The Boy is going for gold with a new album, a massive UMG contract, a radio show, a partnership with Stake, a poetry book, and a Scary Hours tape looming.
The rumors are true: Champagne papi’s got a brand new bag.
Drake has a new contract, and with it, seemingly enters a new era to go along with this windfall. In May,Variety reported that Drake landed an unprecedented deal with Universal Music Group, worth approximately $400 million. The pact is said to encompass not just Drake’s recordings and publishing, but his merchandise and visual media projects.
Also last month, on DJ Akademiks’ “Off the Record” podcast, Atlanta rapper Lil Yachty — a close confidant of Drizzy — seemed to debunk this, spilling about a conversation he had with Drake and alluding to the fact that Drake’s new record deal is actually worth over $500 million.
(So when he rapped, “And I got a contract, it’s a max,” on Certified Lover Boy track “No Friends In The Industry,” he meant it.)
This new deal is a good segue into understanding what happened last week. The Toronto music icon took to Instagram to announce the surprise release of a new album, Honestly, Nevermind, following the debut of his radio show “Table for One,” on Sirius XM.
Drake executive produced the 14-track release along with longtime collaborator Noah “40” Shebib, manager Oliver El-Khatib, Noel Cadastre, and 2022 Grammy winner Black Coffee, with additional production work from DJ Carnage, and a guest verse from 21 Savage.
Let’s evaluate how these moving parts inform Drake’s plans to continue building his multi-faceted legacy.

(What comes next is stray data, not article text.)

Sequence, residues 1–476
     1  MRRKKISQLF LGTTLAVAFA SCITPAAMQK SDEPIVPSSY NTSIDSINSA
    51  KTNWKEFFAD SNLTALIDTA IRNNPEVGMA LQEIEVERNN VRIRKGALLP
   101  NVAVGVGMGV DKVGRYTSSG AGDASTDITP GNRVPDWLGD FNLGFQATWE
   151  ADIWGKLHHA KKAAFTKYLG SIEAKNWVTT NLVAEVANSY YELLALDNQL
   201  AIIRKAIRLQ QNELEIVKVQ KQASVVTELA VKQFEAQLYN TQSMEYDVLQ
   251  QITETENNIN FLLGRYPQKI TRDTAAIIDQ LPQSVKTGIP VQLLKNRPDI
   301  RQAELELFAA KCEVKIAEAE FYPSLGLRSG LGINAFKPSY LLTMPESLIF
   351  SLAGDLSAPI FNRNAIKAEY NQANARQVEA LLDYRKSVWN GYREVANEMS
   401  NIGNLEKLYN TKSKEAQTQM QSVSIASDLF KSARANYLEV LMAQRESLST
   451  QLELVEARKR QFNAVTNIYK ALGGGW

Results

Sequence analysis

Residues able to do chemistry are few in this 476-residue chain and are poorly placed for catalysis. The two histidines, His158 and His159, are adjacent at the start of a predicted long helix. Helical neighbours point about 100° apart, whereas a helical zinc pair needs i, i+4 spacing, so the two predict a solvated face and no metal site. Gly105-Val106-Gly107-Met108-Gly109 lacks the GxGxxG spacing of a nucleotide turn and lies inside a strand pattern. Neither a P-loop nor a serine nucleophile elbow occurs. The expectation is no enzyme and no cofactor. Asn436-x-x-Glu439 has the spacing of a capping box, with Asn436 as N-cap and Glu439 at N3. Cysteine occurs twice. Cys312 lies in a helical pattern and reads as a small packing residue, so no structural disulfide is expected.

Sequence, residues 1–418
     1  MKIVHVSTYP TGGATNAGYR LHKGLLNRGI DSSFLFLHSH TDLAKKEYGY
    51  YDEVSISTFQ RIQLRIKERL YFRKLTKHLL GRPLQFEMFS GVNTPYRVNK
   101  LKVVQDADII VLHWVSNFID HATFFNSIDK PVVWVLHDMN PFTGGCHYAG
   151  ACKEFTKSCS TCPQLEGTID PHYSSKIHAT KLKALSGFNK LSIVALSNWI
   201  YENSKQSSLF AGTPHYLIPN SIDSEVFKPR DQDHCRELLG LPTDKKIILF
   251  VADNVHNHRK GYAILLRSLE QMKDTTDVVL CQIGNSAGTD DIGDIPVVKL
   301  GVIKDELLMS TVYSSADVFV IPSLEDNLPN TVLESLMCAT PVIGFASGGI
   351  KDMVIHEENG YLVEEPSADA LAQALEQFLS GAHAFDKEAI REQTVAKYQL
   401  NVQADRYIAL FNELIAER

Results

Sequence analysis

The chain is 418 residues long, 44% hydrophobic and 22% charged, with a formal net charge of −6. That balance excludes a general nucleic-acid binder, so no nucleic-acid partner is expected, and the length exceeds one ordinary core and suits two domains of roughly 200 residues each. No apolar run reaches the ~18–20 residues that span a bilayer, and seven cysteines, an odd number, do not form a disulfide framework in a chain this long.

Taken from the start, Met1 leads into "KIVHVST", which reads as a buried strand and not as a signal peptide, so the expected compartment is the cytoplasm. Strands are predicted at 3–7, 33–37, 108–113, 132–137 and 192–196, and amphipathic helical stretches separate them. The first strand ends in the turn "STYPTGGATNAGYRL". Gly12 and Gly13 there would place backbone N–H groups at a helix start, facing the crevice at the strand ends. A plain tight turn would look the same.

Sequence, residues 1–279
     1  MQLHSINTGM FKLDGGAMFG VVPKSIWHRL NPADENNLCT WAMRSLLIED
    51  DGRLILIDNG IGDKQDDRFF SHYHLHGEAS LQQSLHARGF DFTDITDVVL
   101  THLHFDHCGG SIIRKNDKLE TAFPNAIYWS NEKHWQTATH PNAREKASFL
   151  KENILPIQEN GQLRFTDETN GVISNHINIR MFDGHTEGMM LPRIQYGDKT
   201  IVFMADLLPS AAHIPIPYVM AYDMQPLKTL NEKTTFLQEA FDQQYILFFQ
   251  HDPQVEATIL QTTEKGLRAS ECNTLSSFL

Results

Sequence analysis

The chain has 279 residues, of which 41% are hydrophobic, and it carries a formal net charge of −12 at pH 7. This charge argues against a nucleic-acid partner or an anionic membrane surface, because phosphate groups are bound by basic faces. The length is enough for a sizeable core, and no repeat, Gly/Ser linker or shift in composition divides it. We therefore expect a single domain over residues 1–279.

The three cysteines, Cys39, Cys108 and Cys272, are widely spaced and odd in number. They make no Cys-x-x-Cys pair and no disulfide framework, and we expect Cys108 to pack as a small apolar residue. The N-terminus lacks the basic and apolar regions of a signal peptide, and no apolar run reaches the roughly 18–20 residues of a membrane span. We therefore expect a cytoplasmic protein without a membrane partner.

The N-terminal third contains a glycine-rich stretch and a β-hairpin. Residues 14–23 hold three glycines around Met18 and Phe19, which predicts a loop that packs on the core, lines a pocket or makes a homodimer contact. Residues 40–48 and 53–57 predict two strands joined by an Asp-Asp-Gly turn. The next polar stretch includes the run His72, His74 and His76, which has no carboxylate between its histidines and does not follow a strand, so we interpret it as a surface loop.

The Scope of Honestly, Nevermind
Officially, Honestly, Nevermind is Drake’s seventh studio album, but it’s something different than the other six. It signals a more streamlined path forward for the Canadian rap sensation.
Firstly, his new deal with Universal Music Group allows him to be several different things at once. Yes, he’s under their banner from a business standpoint, but he’s notably still permitted to work within his home base, Republic Records, as well as imprint label OVO Sound.
What’s old is new. And by fulfilling contract obligations by naming Honestly, Nevermind a studio album right off the bat, he’s already checked off one significant box regarding the as-yet-unknown number of albums he owes UMG.
Not to mention, Drake just operates much better when he’s got a central direction or theme. At just 14 tracks but 52 minutes of run time, it’s clear he wants people to take this album as a legitimate conceptual project.
And he quite literally penned his own album notes for Apple Music, too. Despite being a dance record, the project actually came from a rather sensitive time in his life, serving as a homage to his late great friend, Virgil Abloh.
Aubrey Graham: Radio Host?
As we settle into this new Drake era — let’s call it “Legacy Drake” — the man himself is taking this moment to recognize that he is at the tip-top of the game. The latest string of business pacts and collaborative ventures for the King of OVO will most certainly make him a billionaire in due time, but his moves outside of music are also simply more visible than ever before.
That’s the single most distinctive element of Legacy Drake compared to all his previous phases.
With the debut of “Table for One” on Sirius XM on Thursday night, Drake dropped a bunch of golden nuggets about what the next stage of his career might look like.
- NOCTA: His NOCTA label is the only Nike sub-label created for a musician, and it’s named for Drake’s “nocturnal creative process.” The brand, which focuses on mixing sportswear and functional-wear, designed for those on the go.
- STAKE: a multi-year partnership for Drake to use Stake as his exclusive sports betting app.
- “TABLE FOR ONE”: Sound 42 Sirius XM radio show, hosted by The Boy himself, where he’ll be playing music from restaurants all over the world.
- OVO Fest: OVO Fest returns later this year to Toronto for the first time since 2019.
- Poetry Book: Confirmed on the radio show, Drake is releasing a poetry book with an artist named Kenza.
- Another Scary Hours pack: Similar to that of 2020’s Dark Lane Demo Tapes.